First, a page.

Local attorney Tom Speed, who lives on Howards Knob Road, said he found it insulting and surprising nobody had mentioned any proposals to him.

“We need to talk before competing with Sugar Top,” Speed said, referencing the mountaintop development in Sugar Mountain. “Leave things as they are or let people know.”

George Bartholomew, a Howards Knob Road resident who previously spoke to the board in February, said he was concerned and baffled that the board didn’t work with residents before developing the master plan.

“I have hope the board will do the right thing and pause this project due to the numerous concerns,” Bartholomew said. “I’m opposed to any budget with any expenditures for Howard Knob on it.”

Monte Green, who owns most of the property surrounding the park and around 70 acres in total in the nearby areas, wrote in a letter to the board that he was bewildered that he wasn’t asked to talk about the project, saying the project could affect his property value. Green tried to sell a 70-acre tract on Howard Knob in 2014, asking $3.7 million.

According to the Howard Knob Master Plan released by Destination by Design, a community survey done in June 2018 received 263 responses, mostly positive. A steering committee met twice in 2018 and a Destination by Design team made a public presentation to “more than 50 business owners” in August 2018, with the notes saying that the group “generally supported” the master plan.

Theresa Waldspurger, an Appalachian State University professor, reminded the board of the consequences of decisions they could make.

“While it would be profitable to cut down trees and add parking spaces, is it the right thing,” Waldspurger asked.

Carrie Furr said lives would be at risk with increased traffic along Junaluska Road and Howards Knob Road, saying that nobody besides residents adhere to the 25 mph speed limit and criticizing a perceived lack of traffic enforcement, a point John Councill also mentioned.

Trespassers were a point of concern for the residents. Furr said for instance, someone could trespass on her property late at night to look at the moon.

“I always see people beyond the fence (in the park), over the fence,” Furr said. “Somebody is bound to go over that edge.”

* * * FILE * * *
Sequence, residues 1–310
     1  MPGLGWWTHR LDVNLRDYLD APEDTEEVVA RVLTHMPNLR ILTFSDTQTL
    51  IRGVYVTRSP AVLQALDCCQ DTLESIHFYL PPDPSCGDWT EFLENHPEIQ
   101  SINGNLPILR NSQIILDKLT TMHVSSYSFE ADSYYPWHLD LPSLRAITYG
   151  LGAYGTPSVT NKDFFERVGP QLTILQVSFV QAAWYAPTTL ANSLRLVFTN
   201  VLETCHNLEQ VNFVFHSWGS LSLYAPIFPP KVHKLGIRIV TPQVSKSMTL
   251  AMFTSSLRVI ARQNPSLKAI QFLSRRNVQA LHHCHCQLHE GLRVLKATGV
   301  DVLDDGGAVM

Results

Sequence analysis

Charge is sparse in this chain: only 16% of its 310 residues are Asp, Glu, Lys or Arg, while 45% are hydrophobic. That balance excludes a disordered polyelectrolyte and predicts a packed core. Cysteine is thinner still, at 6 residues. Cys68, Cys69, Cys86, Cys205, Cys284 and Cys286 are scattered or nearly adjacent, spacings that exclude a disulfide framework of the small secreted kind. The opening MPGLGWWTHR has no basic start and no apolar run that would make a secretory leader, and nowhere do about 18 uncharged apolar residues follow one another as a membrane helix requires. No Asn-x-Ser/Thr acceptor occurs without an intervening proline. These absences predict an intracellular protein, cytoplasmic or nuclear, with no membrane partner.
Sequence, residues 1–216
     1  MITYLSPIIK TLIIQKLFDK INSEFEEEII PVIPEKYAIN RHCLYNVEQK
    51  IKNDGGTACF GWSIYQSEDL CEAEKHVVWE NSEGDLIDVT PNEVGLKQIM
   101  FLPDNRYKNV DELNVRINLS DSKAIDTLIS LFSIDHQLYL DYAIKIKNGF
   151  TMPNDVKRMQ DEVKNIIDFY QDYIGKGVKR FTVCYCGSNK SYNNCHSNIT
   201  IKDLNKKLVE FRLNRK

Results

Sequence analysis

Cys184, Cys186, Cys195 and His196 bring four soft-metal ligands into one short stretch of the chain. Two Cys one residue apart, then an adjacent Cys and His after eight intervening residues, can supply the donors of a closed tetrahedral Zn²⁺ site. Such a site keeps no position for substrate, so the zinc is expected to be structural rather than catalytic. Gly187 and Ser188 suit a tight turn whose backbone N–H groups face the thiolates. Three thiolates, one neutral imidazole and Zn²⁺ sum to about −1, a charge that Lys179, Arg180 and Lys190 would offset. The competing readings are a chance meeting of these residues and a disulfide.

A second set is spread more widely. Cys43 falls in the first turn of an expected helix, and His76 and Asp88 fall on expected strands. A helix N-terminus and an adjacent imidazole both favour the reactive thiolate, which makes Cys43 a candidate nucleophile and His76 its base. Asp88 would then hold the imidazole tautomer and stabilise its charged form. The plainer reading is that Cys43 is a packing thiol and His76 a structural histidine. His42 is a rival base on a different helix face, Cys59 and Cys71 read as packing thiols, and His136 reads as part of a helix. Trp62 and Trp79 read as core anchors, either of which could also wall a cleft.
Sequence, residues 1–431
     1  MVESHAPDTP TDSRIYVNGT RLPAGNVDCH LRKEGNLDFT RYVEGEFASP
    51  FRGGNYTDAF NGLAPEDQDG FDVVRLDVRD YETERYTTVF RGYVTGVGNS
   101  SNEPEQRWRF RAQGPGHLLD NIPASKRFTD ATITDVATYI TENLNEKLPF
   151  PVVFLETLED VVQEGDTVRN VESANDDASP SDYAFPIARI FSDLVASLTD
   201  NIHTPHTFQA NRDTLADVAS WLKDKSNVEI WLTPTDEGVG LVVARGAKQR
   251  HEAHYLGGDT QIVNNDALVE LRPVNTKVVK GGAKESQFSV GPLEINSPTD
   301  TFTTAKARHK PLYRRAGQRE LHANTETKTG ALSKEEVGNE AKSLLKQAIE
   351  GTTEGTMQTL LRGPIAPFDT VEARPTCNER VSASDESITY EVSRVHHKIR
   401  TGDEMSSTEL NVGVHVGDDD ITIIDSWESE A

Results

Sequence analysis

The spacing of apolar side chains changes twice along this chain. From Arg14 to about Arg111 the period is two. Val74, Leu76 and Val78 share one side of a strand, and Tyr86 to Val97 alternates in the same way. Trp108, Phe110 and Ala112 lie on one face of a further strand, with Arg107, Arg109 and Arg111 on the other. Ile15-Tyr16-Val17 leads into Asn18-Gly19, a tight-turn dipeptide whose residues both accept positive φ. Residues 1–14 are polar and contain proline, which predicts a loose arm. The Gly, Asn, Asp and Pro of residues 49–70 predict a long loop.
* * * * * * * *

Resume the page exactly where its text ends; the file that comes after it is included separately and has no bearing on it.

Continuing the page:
Turtle Island Preserve’s Eustace Conway spoke about his concerns on the environmental impact and changes to the viewshed.

“The impact of cutting down trees changes the integrity of the soil,” Conway said. “Try to spend money on improving what we already have, dealing with the runoff and the danger for people going up and down (the mountain.)”

The master plan has a line item budgeted in phase one for cutting down trees in the areas to create overlooks, add parking and expand picnic opportunities.

Jason Finch, who said he visits the park frequently with his daughters, asked the TDA to look into improving the restrooms in the park, saying the port-o-potties up there don’t cut it.

Erin Martin, a year-round Navajo Trail resident, wrote in a letter that the proposed bouldering area would lead to the destruction of ferns and ecosystems and shouldn’t be allowed in any capacity.

Tilley noted at the end of the meeting that Destination by Design has been revising the Howard Knob Master Plan based on conversations with the local residents, saying that a facility management strategy will be developed prior to implementation.

Another potential change coming soon would be year-round opening of the park. Currently, the park is closed from mid-October through April. Bartholomew said it would be a disservice to only have the park open half of the year. Many of the speakers said trespassers in the park are frequent during the off season.

Further, Tilley added that the county will seek to partner with the N.C. Department of Transportation to improve Howards Knob Road to alleviate residential and pedestrian concerns.

The TDA board voted to grant Green Valley Park’s board of directors $21,000 to fund the completion of the Eagle Scout Trail and widen the river access road from Big Hill Road to the canoe ramp into the New River to two two lanes and eliminate safety hazards.

Janice Carroll gave a presentation of the history of the park, saying that the park has become increasingly popular in recent years due to its canoe access and picnic areas.

Plans are progressing to build a new playground at Rocky Knob Mountain Bike Park, Tilley said, including meeting with the group that will do the manufacturing. The cost will be half of the originally estimated $75,000, Tilley added.